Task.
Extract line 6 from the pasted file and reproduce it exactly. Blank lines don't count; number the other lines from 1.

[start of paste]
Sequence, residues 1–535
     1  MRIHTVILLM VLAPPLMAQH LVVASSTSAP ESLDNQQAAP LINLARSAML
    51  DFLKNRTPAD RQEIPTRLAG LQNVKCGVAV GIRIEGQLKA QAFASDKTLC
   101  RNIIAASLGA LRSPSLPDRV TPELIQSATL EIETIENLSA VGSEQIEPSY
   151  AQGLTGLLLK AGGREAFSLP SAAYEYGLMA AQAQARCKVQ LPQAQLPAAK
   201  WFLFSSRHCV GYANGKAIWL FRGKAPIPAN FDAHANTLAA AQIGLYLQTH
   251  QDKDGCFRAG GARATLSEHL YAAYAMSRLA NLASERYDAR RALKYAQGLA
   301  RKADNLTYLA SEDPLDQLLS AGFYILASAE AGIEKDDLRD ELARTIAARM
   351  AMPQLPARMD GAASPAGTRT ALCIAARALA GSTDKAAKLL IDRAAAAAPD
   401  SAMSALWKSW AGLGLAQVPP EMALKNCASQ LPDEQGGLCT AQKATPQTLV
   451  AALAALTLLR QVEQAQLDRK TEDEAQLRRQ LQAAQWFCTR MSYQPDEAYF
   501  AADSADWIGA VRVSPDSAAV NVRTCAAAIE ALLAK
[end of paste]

   201  WFLFSSRHCV GYANGKAIWL FRGKAPIPAN FDAHANTLAA AQIGLYLQTH